The parties signed the MOU in early July 2017. (D. Soofer Decl. ¶, 31; A. Soofer Decl. ¶ 31.) At the top, the document is entitled “Confidential Binding Memorandum of Understanding and Settlement.” (D. Soofer Decl., Ex. A at p. 1.) The first paragraph states, “The effective date of this Memorandum shall be the date upon which all Parties have signed this Memorandum.” (Ibid.) The parties signed the MOU on July 5 and 6, 2017. (Id. at pp. 5-6.)

According to the MOU, Defendant would pay $250,000 in six installments in the form of $125,000 to resolve the Rice Litigation and $125,000 to Yeroushalmi “for attorneys’ fees for Consulting Services Rendered at Sec. 2.2. below.” (D. Soofer Decl. ¶¶ 25, 37, Ex. A at p. 1.) Section 2.2. stated Defendant would pay $125,000 “to Attorney for consulting services rendered” and that the payment was for “reimbursement for past and current consultant services rendered advising Soofer on compliance issues related to Proposition 65 and environmental laws in the interest of the public.” (Id. at ¶ 32, Ex. A at p. 2.) Plaintiff and Yeroushalmi agreed not to pursue any alleged Proposition 65 allegations against Defendant so long as it agreed to monitor its food products. (Ibid.) Plaintiff “acknowledge[d] that concurrent consultant services provided by Reuben Yeroushalmi to Soofer constitute the representation of potentially conflicting interests, to the extent that Soofer’s interests and those of [Plaintiff] are potentially adverse. [Plaintiff] nevertheless knowingly and voluntarily consents to such concurrent consultant services by Reuben Yeroushalmi to Soofer.” (Id. at Ex. A at p. 3.)

Defendants states that between mid-May 2017 and early July 2017, Yeroushalmi requested and Defendant provided information related to the products that were the subject of the Proposition 65 notices, Defendant’s customers and distribution network, Defendant’s vendors and supply network, Defendants’ manufacturing, Defendant’s testing of the product and general compliance strategy, Defendant’s defenses and strategy, and Defendant’s general finances and financial status. (D. Soofer Decl. ¶ 23; A. Soofer Decl. ¶ 29.) Defendant discussed with Yeroushalmi which products it was concerned might lead to future suits against Defendant and its vendors and the financial impact of the litigation and MOU on Defendant’s viability, among other topics at issue in the disputes between Plaintiff and Defendant. (D. Soofer Decl. ¶ 35.)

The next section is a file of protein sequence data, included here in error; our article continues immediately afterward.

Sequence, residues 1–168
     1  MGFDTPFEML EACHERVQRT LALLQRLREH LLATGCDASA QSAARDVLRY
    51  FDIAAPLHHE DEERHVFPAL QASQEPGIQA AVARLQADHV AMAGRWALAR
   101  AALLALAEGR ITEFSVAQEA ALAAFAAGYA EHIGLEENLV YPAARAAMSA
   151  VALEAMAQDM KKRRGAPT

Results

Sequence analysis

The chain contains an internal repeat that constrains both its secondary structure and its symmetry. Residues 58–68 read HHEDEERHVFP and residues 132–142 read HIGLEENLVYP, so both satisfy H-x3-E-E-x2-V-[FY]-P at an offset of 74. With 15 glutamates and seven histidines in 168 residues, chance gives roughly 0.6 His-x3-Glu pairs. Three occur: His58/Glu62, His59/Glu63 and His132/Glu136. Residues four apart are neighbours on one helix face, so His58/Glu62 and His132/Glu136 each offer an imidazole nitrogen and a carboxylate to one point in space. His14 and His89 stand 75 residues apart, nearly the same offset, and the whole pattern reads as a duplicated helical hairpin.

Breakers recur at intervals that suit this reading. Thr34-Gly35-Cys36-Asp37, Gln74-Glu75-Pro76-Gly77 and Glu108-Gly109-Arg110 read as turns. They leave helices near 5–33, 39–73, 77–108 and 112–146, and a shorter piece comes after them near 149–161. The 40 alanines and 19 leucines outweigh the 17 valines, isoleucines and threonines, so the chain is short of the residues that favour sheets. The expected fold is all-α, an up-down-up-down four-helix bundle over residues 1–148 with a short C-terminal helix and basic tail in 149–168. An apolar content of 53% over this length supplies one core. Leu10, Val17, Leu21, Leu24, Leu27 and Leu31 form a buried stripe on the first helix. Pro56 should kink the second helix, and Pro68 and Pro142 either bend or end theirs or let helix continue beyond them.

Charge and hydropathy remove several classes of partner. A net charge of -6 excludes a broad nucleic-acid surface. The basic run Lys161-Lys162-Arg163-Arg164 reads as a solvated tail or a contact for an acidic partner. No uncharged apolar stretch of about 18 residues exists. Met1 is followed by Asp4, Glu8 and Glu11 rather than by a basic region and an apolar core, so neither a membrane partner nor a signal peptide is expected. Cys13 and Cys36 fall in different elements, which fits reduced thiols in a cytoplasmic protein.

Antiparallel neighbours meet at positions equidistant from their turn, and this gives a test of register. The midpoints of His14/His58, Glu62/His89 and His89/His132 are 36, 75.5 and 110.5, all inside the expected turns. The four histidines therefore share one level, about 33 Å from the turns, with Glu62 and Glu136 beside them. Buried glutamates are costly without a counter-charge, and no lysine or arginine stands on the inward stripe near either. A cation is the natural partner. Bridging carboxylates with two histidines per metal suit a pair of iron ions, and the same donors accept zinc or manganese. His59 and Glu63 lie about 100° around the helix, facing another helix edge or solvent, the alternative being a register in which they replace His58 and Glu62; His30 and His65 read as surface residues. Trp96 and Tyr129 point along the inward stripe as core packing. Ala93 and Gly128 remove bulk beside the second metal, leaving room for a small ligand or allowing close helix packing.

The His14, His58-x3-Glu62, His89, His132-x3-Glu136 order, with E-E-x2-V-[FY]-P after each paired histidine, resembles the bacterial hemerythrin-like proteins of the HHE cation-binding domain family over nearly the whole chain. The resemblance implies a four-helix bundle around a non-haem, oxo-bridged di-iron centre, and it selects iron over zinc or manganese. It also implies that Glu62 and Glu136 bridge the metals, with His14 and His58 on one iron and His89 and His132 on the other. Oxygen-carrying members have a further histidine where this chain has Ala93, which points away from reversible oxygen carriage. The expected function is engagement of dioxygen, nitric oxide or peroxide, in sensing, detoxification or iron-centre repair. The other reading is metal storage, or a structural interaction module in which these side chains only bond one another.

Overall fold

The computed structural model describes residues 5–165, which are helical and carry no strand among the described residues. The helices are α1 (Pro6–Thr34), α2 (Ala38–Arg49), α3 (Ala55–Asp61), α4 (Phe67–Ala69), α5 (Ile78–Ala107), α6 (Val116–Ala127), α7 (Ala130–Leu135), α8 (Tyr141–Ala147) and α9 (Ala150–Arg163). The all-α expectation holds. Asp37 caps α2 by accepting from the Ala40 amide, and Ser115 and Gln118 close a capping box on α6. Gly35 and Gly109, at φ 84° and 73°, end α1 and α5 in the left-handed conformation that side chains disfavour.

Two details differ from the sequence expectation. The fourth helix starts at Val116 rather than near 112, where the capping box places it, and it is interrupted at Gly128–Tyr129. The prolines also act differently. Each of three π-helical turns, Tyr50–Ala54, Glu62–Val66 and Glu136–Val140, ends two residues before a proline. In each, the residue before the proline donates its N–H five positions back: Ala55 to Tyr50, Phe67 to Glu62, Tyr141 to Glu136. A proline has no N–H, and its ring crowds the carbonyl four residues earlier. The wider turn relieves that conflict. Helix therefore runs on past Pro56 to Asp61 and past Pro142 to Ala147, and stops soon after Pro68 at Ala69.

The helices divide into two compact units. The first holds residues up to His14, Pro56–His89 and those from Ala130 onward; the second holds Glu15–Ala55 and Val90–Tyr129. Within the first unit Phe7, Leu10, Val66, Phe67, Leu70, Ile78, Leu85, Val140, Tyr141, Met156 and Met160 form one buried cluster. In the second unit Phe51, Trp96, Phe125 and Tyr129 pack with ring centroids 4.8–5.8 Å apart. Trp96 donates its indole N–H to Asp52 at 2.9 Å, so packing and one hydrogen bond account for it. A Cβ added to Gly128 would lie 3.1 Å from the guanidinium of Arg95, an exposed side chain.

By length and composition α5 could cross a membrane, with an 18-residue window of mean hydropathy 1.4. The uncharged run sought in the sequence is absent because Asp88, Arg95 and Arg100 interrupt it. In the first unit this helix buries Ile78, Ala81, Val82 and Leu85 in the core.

Defendant continued to meet with Yeroushalmi and gave him more confidential information, with the understanding that he was acting as Defendant’s attorney. (D. Soofer Decl. ¶¶ 34-36.) When Yeroushalmi did not receive immediate payment under the MOU, he informed Defendant that the MOU was void. (Id. at ¶ 39; A. Soofer Decl. ¶¶ 38.) Plaintiff then proceeded with this lawsuit against Defendant.

DISCUSSION

As an initial matter, this motion is similar to Defendant’s motion to disqualify Yeroushalmi filed in Consumer Advocacy Group, Inc. v. Mateo Rice Processing (Pvt.) Ltd., Case No. BC556594 (“Rice Litigation”), which was granted on July 21, 2020. (RJN, Exs. I, J.) Yeroushalmi argues that that ruling is not precedent and does not collaterally estop a different decision here. While that is correct, the ruling in the Rice Litigation was a detailed and convincing discussion of the same or similar arguments and evidence at issue here. This Court is not bound by that ruling. Nor is it prohibited from adopting analysis and conclusions in that ruling. Having independently reviewed and considered all of the papers filed in this case in support of and in opposition to the motion, and for the reasons discussed below, as well as the reasons discussed in more detail in the ruling in the Rice Litigation where applicable, the Court grants Defendant’s motion.

“‘A trial court’s authority to disqualify an attorney derives from the power inherent in every court “[t]o control in furtherance of justice, the conduct of its ministerial officers, and of all other persons in any manner connected with a judicial proceeding before it, in every matter pertaining thereto.”’” (Ontiveros v. Constable (2016) 245 Cal.App.4th 686, 694, quoting People ex rel. Dept. of Corporations v. SpeeDee Oil Change Systems, Inc. (1999) 20 Cal.4th 1135, 1145.) “‘[D]isqualification motions involve a conflict between the clients’ right to counsel of their choice and the need to maintain ethical standards of professional responsibility.’” (Id. at 694-695.) “When deciding a motion to disqualify counsel, ‘[t]he paramount concern must be to preserve public trust in the scrupulous administration of justice and the integrity of the bar. The important right to counsel of one’s choice must yield to ethical considerations that affect the fundamental principles of our judicial process.’ [Citation.]” (O’Gara Coach Co., LLC v. Ra (2019) 30 Cal.App.5th 1115, 1124.)